- If you have to care for older children or a family member who does not need constant care, adult family members can work at the same time. However, plan breaks into your schedule to check on children or household members periodically throughout the day.
HELPING KIDS WITH REMOTE LEARNING
Here are some suggestions:
- Have your children maintain a normal routine. Stick to their regular times for getting up, eating breakfast, getting dressed, and anything else that they typically do in the morning before school.
- Block out time in your day to help your children make a schedule. Include the assignments they are going to complete that day and when they have live classes to attend.
- Try to be available to get your child started on schoolwork each morning. For younger children especially, schedule break times for yourself right before live classes start so you can make sure that your child has logged on for the class.
- Help your children set up automated reminders. Having reminders about live classes, taking breaks, and so forth will enhance both their independence and your ability to focus on your own work. Google Calendar reminders or ones from a personal assistant such as Google Home or Alexa can be very useful.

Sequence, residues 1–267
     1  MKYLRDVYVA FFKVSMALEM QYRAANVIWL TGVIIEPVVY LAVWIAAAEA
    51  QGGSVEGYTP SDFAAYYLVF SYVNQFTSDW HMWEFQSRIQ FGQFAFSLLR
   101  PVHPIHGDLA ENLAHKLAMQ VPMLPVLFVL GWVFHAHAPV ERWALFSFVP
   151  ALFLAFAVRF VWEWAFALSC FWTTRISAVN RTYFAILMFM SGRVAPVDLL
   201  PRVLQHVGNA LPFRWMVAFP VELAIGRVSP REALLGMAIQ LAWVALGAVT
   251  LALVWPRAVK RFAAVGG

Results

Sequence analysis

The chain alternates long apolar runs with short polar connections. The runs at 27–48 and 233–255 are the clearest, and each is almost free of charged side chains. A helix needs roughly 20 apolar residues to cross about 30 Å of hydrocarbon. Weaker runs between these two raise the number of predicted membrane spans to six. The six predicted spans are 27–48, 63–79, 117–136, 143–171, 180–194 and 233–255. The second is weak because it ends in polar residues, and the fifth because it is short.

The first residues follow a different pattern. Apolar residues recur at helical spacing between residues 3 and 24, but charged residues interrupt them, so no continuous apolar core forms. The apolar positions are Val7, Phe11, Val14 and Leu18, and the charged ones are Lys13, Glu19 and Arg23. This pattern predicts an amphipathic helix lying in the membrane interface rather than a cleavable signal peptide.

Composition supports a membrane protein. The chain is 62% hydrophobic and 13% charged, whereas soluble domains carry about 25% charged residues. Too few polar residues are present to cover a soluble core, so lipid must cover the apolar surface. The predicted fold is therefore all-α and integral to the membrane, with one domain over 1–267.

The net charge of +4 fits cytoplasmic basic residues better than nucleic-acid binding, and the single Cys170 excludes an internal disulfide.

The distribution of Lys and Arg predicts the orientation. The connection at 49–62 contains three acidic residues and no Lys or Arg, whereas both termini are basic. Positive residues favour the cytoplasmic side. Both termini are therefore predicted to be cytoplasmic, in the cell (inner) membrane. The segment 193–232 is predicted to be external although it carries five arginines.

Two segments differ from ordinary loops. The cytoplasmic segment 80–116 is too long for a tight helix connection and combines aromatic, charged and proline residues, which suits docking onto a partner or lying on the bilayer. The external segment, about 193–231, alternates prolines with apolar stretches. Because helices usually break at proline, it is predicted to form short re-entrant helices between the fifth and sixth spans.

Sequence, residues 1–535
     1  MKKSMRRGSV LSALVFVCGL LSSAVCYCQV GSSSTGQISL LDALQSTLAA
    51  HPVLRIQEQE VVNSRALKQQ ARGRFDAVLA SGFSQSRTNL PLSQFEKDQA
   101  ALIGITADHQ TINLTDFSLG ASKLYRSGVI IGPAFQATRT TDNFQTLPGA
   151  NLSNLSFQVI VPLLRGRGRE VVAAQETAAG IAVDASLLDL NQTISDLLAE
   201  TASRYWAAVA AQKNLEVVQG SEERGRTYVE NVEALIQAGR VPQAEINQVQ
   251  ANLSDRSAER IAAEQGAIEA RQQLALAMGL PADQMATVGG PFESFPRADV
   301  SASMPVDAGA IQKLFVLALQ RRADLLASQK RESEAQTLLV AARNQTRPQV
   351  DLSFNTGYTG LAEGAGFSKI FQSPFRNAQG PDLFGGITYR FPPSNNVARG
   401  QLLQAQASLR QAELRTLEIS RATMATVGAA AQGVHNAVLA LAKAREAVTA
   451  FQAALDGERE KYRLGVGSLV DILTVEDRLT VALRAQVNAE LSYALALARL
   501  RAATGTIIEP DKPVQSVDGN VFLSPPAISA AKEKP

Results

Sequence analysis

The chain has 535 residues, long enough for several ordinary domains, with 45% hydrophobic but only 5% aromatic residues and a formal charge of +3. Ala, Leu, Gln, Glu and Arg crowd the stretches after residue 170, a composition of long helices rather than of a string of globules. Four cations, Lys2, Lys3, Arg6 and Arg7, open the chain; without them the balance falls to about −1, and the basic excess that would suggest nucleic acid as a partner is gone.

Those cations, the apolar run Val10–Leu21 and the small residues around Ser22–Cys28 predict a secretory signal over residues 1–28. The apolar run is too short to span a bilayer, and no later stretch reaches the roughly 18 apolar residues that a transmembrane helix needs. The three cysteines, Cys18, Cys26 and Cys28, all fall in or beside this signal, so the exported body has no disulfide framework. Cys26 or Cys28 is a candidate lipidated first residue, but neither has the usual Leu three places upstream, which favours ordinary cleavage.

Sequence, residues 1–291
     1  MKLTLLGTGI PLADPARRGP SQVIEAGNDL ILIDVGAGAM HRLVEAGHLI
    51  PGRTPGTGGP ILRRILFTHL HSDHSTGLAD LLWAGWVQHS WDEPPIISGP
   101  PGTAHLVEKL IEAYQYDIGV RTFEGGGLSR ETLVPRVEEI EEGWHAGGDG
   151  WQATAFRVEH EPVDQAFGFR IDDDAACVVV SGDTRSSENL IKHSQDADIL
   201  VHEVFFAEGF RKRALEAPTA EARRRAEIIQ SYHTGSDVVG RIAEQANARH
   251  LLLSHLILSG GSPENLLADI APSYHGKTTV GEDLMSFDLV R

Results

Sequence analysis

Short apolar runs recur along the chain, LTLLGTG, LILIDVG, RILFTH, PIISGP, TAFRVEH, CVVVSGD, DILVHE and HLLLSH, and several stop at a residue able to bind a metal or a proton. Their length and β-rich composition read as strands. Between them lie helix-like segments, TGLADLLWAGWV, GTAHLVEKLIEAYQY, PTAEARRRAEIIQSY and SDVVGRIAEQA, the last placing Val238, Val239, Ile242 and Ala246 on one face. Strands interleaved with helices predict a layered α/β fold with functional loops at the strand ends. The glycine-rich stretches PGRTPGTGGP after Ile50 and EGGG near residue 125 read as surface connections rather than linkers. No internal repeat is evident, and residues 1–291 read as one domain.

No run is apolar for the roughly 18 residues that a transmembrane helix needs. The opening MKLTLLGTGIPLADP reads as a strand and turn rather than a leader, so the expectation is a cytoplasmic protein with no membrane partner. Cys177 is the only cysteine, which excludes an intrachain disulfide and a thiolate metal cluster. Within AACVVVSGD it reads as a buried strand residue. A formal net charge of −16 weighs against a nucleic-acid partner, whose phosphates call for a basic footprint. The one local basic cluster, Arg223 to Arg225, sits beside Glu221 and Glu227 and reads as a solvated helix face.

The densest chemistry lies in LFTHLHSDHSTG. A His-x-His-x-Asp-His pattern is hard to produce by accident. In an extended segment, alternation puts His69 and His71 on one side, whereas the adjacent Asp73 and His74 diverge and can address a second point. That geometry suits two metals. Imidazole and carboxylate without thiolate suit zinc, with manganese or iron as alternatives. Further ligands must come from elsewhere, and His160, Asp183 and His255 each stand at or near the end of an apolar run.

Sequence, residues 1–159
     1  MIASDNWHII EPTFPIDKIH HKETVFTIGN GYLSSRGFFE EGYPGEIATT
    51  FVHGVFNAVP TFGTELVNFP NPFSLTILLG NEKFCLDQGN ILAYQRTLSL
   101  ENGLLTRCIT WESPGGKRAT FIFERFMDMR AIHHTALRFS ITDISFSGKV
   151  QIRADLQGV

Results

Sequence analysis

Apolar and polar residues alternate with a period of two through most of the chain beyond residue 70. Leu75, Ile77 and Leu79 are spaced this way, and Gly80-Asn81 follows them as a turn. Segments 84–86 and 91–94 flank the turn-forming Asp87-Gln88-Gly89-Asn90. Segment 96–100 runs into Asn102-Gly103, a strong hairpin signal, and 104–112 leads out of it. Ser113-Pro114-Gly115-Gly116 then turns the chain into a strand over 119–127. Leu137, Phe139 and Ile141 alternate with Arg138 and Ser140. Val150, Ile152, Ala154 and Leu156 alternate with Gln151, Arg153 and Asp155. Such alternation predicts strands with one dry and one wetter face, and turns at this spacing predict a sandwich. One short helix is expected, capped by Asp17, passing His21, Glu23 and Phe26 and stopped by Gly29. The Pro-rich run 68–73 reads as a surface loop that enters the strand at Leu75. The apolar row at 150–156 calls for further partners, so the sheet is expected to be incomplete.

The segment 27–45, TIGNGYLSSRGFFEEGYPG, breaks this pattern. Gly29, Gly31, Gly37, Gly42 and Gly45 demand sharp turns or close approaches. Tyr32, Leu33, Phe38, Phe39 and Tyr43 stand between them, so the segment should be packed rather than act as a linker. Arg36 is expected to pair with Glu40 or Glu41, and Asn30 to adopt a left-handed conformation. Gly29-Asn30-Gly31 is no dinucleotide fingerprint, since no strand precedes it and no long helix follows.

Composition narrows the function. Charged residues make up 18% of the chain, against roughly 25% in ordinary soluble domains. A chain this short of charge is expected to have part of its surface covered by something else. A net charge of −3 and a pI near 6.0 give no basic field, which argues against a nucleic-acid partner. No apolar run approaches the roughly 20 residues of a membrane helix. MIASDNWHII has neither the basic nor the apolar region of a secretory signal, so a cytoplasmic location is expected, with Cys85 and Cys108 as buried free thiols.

- Set up a check-in system about schoolwork. Use an age-appropriate system that gives your child as much ownership as possible so they can update you on their progress throughout the day. For example, your child could email you after completing each task from their to-do list. Alternatively, your child’s daily plan could be in a shared Google Doc. The child can mark off each assignment when it is completed, and you can check the document when you take breaks.
- Have your children use a timer when taking breaks to avoid getting off task for too long. This is important, especially for those who struggle with time management or distraction.
- Help your children stay on task while using a computer by blocking access to distracting websites. This is often very helpful. Set up Google Chrome extensions such as Dayboard or Forest, or programs such as Freedom or Cold Turkey, to block access to social media or websites that tempt them to get off task. Dayboard also includes a checklist that reminds the user of tasks they need to complete before going to a new web browser tab.